A Woman of Thirty

A Woman of Thirty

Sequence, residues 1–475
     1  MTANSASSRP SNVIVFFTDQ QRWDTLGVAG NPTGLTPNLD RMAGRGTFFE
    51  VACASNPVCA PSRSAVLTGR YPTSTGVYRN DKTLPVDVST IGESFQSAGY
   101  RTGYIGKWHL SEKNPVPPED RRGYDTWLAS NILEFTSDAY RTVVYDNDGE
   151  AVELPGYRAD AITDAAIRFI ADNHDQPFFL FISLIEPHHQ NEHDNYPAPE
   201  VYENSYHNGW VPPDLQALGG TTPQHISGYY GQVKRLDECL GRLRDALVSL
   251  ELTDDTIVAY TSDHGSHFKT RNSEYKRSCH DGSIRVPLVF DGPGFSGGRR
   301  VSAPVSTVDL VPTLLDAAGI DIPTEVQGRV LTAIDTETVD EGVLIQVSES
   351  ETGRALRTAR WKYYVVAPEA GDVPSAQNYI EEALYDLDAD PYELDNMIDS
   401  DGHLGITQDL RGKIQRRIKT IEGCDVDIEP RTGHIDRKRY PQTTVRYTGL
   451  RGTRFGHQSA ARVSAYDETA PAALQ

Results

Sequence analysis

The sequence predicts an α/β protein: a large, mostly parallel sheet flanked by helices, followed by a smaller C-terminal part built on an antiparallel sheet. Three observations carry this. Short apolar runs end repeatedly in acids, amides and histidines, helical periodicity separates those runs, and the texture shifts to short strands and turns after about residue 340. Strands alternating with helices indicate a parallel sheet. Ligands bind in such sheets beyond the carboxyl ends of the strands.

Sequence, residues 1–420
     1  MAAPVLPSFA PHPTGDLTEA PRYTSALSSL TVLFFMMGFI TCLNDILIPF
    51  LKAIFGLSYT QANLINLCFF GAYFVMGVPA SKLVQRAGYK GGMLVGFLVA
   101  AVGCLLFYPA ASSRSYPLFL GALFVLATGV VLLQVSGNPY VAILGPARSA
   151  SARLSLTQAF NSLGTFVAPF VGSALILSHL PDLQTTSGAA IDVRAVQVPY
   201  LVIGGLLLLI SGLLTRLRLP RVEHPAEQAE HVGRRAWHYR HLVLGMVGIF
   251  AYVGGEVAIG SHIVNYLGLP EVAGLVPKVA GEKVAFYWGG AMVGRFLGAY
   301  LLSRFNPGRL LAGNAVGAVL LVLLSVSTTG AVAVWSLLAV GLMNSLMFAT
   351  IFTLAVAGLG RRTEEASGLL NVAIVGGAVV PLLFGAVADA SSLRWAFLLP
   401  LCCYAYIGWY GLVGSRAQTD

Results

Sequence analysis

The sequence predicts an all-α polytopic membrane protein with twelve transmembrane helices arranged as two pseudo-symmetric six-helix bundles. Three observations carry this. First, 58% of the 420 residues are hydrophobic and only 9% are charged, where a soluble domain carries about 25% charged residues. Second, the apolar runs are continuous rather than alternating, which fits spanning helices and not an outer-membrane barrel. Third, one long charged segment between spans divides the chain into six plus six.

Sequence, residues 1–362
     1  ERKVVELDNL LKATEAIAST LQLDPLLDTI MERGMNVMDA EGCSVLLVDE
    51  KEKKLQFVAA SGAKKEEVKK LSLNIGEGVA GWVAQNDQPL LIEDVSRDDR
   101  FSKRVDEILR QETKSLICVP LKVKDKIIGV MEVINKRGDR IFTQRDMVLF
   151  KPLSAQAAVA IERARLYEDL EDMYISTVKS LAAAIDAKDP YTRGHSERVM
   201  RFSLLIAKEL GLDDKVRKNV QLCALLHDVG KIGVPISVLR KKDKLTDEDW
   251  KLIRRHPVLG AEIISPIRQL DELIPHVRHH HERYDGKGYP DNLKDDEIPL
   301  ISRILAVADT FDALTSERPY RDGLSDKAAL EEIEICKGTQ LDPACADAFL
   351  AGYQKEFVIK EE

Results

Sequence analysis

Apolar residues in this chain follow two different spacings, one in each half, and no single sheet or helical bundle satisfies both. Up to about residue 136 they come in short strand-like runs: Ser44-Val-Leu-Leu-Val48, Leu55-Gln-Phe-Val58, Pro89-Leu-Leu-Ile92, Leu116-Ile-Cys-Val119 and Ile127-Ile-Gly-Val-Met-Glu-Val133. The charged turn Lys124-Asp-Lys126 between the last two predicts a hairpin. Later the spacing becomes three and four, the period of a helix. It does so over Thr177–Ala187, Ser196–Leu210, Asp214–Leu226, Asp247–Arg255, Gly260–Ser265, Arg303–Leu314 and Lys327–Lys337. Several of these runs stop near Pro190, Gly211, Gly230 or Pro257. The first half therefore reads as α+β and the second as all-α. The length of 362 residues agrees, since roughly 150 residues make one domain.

A WOMAN OF THIRTY HONORE DE BALZAC I. EARLY MISTAKES It was a Sunday morning in the beginning of April 1813 a morning which gave promise of one of those bright days when Parisians for the first time in the year behold dry pavements underfoot and a cloudless sky overhead. It was not yet noon when a luxurious cabriolet drawn by two spirited horses turned out of the Rue de Castiglione into the Rue de Rivoli and drew up behind a row of carriages standing before the newly opened barrier half-way down the Terrasse de Feuillants. The owner of the carriage looked anxious and out of health; the thin hair on his sallow temples turning gray already gave a look of premature age to his face. He flung the reins to a servant who followed on horseback and alighted to take in his arms a young girl whose dainty beauty had already attracted the eyes of loungers on the Terrasse. The little lady standing upon the carriage step graciously submitted to be taken by the waist putting an arm round the neck of her guide who set her down upon the pavement without so much as ruffling the trimming of her green rep dress. No lover would have been so careful. The stranger could only be the father of the young girl who took his arm familiarly without a word of thanks and hurried him into the Garden of the Tuileries. The old father noted the wondering stare which some of the young men gave the couple and the sad expression left his face for a moment. Although he had long since reached the time of life when a man is fain to be content with such illusory delights as vanity bestows he began to smile. "They think you are my wife" he said in the young lady's ear and he held himself erect and walked with slow steps which filled his daughter with despair. He seemed to take up the coquette's part for her; perhaps of the two he was the more gratified by the curious glances directed at those little feet shod with plum-colored prunella; at the dainty figure outlined by a low-cut bodice filled in with an embroidered chemisette which only partially concealed the girlish throat. Her dress was lifted by her movements as she walked giving glimpses higher than the shoes of delicately moulded outlines beneath open-work silk stockings. More than one of the idlers turned and passed the pair again to admire or to catch a second glimpse of the young face about which the brown tresses played; there was a glow in its white and red partly reflected from the rose-colored satin lining of her fashionable bonnet partly due to the eagerness and impatience which sparkled in every feature. A mischievous sweetness lighted up the beautiful almond-shaped dark eyes bathed in liquid brightness shaded by the long lashes and curving arch of eyebrow. Life and youth displayed their treasures in the petulant face and in the gracious outlines of the bust unspoiled even by the fashion of the day which brought the girdle under the breast. The young lady herself appeared to be insensible to admiration. Her eyes were fixed in a sort of anxiety on the Palace of the Tuileries the goal doubtless of her petulant promenade. It wanted but fifteen minutes of noon yet even at that early hour several women in gala dress were coming away from the Tuileries not without backward glances at the gates and pouting looks of discontent as if they regretted the lateness of the arrival which had cheated them of a longed-for spectacle. Chance carried a few words let fall by one of these disappointed fair ones to the ears of the charming stranger and put her in a more than common uneasiness. The elderly man watched the signs of impatience and apprehension which flitted across his companion's pretty face with interest rather than amusement in his eyes observing her with a close and careful attention which perhaps could only be prompted by some after-thought in the depths of a father's mind. It was the thirteenth Sunday of the year 1813. In two days' time Napoleon was to set out upon the disastrous campaign in which he was to lose first Bessieres and then Duroc; he was to win the memorable battles of Lutzen and Bautzen to see himself treacherously deserted by Austria Saxony Bavaria and Bernadotte and to dispute the dreadful field of Leipsic. The magnificent review commanded for that day by the Emperor was to be the last of so many which had long drawn forth the admiration of Paris and of foreign visitors. For the last time the Old Guard would execute their scientific military manoeuvres with the pomp and precision which sometimes amazed the Giant himself. Napoleon was nearly ready for his duel with Europe. It was a sad sentiment which brought a brilliant and curious throng to the Tuileries. Each mind seemed to foresee the future perhaps too in every mind another thought was dimly present how that in the future when the heroic age of France should have taken the half-fabulous color with which it is tinged for us to-day men's imaginations would more than once seek to retrace the picture of the pageant which they were assembled to behold. "Do let us go more quickly father; I can hear the drums" the young girl said and in a half-teasing half-coaxing manner she urged her companion forward. "The troops are marching into the Tuileries" said he. "Or marching out of it--everybody is coming away" she answered in childish vexation which drew a smile from her father. "The review only begins at half-past twelve" he said; he had fallen half behind his impetuous daughter. It might have been supposed that she meant to hasten their progress by a movement of her right arm for it swung like an oar blade through the water. In her impatience she had crushed her handkerchief into a ball in her tiny well-gloved fingers. Now and then the old man smiled but the smiles were succeeded by an anxious look which crossed his withered face and saddened it. In his love for the fair young girl by his side he was as fain to exalt the present moment as to dread the future. "She is happy to-day; will her happiness last?" he seemed to ask himself for the old are somewhat prone to foresee their own sorrows in the future of the young. Father and daughter reached the peristyle under the tower where the tricolor flag was still waving; but as they passed under the arch by which people came and went between the Gardens of the Tuileries and the Place du Carrousel the sentries on guard called out sternly: "No admittance this way." By standing on tiptoe the young girl contrived to catch a glimpse of a crowd of well-dressed women thronging either side of the old marble arcade along which the Emperor was to pass. "We were too late in starting father; you can see that quite well." A little piteous pout revealed the immense importance which she attached to the sight of this particular review. "Very well Julie--let us go away. You dislike a crush." "Do let us stay father. Even here I may catch a glimpse of the Emperor; he might die during this campaign and then I should never have seen him." Her father shuddered at the selfish speech. There were tears in the girl's voice; he looked at her and thought that he saw tears beneath her lowered eyelids; tears caused not so much by the disappointment as by one of the troubles of early youth a secret easily guessed by an old father. Suddenly Julie's face flushed and she uttered an exclamation. Neither her father nor the sentinels understood the meaning of the cry; but an officer within the barrier who sprang across the court towards the staircase heard it and turned abruptly at the sound. He went to the arcade by the Gardens of the Tuileries and recognized the young lady who had been hidden for a moment by the tall bearskin caps of the grenadiers. He set aside in favor of the pair the order which he himself had given. Then taking no heed of the murmurings of the fashionable crowd seated under the arcade he gently drew the enraptured child towards him. "I am no longer surprised at her vexation and enthusiasm if /you/ are in waiting" the old man said with a half-mocking half-serious glance at the officer. "If you want a good position M. le Duc" the young man answered "we must not spend any time in talking. The Emperor does not like to be kept waiting and the Grand Marshal has sent me to announce our readiness." As he spoke he had taken Julie's arm with a certain air of old acquaintance and drew her rapidly in the direction of the Place du Carrousel. Julie was astonished at the sight. An immense crowd was penned up in a narrow space shut in between the gray walls of the palace and the limits marked out by chains round the great sanded squares in the midst of the courtyard of the Tuileries. The cordon of sentries posted to keep a clear passage for the Emperor and his staff had great difficulty in keeping back the eager humming swarm of human beings. "Is it going to be a very fine sight?" Julie asked (she was radiant now). "Pray take care!" cried her guide and seizing Julie by the waist he lifted her up with as much vigor as rapidity and set her down beside a pillar. But for his prompt action his gazing kinswoman would have come into collision with the hindquarters of a white horse which Napoleon's Mameluke held by the bridle; the animal in its trappings of green velvet and gold stood almost under the arcade some ten paces behind the rest of the horses in readiness for the Emperor's staff. The young officer placed the father and daughter in front of the crowd in the first space to the right and recommended them by a sign to the two veteran grenadiers on either side. Then he went on his way into the palace; a look of great joy and happiness had succeeded to his horror-struck expression when the horse backed. Julie had given his hand a mysterious pressure; had she meant to thank him for the little ...